Tuesday, February 4, 2014

Henson Forms Publishing Division; Signs Bloomsbury For First Franchise

(from publishersweekly.com)


The Jim Henson Company has formed an internal publishing division, Jim Henson Publishing, to house new franchises that will launch as books and ultimately expand to television, digital productions, and merchandise. The division’s first project, the chapter book series Enchanted Sisters, is launching with Bloomsbury Children’s Books this fall.

“We wanted our own strong girls’ franchise at Henson,” said Halle Stanford, executive v-p, children’s entertainment, who heads the new division and will author two of the Enchanted Sisters books. Enchanted Sisters, for girls 7-9, features four characters called Sparkles, who are the daughters of Mother Nature and are responsible for the turn of the seasons.

Stanford notes that there has been a recent burst of entertainment properties featuring empowered girls. “When we first sold this, there was no Sofia the First, there was no Frozen,” she said. “It used to be a real struggle to sell a series squarely aimed at girls. But now there are these incredibly successful girls’ franchises. So we think the timing is right.”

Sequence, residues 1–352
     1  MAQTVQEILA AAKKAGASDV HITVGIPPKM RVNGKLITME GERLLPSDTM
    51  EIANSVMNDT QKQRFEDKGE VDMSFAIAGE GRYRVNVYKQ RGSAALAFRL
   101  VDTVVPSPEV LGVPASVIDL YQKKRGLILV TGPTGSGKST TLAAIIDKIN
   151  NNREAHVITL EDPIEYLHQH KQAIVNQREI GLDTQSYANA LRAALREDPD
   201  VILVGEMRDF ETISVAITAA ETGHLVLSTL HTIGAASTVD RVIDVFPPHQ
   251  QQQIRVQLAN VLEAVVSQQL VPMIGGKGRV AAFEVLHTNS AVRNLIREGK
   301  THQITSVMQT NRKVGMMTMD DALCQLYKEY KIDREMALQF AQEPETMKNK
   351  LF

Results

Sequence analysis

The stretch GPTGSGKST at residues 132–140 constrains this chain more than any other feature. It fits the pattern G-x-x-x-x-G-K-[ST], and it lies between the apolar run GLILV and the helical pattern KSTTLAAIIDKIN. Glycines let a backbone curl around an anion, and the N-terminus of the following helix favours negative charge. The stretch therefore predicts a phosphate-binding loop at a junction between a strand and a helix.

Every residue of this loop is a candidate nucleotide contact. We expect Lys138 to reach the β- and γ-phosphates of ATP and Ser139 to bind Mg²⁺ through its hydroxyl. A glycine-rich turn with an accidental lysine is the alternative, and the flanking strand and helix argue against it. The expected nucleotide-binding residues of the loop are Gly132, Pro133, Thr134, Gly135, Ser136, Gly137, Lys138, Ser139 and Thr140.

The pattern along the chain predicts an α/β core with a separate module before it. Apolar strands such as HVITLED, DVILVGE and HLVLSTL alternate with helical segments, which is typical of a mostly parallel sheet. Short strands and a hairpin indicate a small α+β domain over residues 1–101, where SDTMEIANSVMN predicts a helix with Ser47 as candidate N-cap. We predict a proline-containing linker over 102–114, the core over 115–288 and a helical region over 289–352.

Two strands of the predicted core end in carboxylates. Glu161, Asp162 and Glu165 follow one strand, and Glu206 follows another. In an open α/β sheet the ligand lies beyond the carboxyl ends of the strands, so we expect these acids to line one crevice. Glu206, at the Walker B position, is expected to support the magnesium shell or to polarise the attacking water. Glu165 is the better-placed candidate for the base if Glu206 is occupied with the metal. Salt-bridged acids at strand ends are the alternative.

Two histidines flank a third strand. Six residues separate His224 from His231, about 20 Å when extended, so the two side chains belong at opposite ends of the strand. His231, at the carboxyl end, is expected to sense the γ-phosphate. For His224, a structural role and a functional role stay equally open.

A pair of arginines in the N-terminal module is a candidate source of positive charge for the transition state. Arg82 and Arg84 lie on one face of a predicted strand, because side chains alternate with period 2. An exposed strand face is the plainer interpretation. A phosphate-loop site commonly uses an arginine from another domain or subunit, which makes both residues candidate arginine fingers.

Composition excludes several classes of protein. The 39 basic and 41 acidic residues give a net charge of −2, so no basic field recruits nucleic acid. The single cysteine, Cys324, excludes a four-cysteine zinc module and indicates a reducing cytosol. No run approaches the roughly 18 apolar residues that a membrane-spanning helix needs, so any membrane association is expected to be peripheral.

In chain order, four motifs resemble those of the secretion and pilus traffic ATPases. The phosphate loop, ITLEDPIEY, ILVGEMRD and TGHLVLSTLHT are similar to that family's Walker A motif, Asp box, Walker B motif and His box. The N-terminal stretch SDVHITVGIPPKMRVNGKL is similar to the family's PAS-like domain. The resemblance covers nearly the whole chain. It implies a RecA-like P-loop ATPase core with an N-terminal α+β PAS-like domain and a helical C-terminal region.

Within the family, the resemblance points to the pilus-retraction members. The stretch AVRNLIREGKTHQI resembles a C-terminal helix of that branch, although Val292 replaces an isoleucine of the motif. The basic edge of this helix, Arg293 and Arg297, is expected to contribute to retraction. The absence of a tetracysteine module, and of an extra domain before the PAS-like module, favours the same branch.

Fonda Snyder at Rob Weisbach Creative Management brought the project to Bloomsbury. “The renowned, family-trusted brand of Jim Henson was really appealing to us,” said Catherine Onder, Bloomsbury Children's editorial director. “The sense of wonder and adventure and the delightful illustrations also were appealing.”

Paige Pooler, a character designer and artist who has worked in both the TV and book worlds, is illustrating The Enchanted Sisters books, while Elise Allen, a book and TV writer, will author the first two titles. Bloomsbury holds world English rights for the property.

Going forward, Henson’s publishing division will be home to new Henson-originated properties for which books make sense as the launch platform. Stanford explained that Henson is in the business of storytelling, and different stories lend themselves to different media. For example, “many sci-fi and fantasy properties have big worlds that lend themselves to children’s or YA books first, before rolling out into television or the digital realm,” she said. The company will partner with outside publishers to release each project.

Ongoing publishing programs for current Henson entertainment properties, such as the TV series Dinosaur Train (whose U.S. master licensee is Random House) and Sid the Science Kid (HarperCollins), will remain with their current publishers.

The first Enchanted Sisters book, Autumn’s Secret Gift, is scheduled for an August release, with subsequent titles, each starring a different sister, planned for winter 2014 and spring and summer 2015. Henson is about to start pitching the property for television; licensing and merchandising will likely follow the TV debut.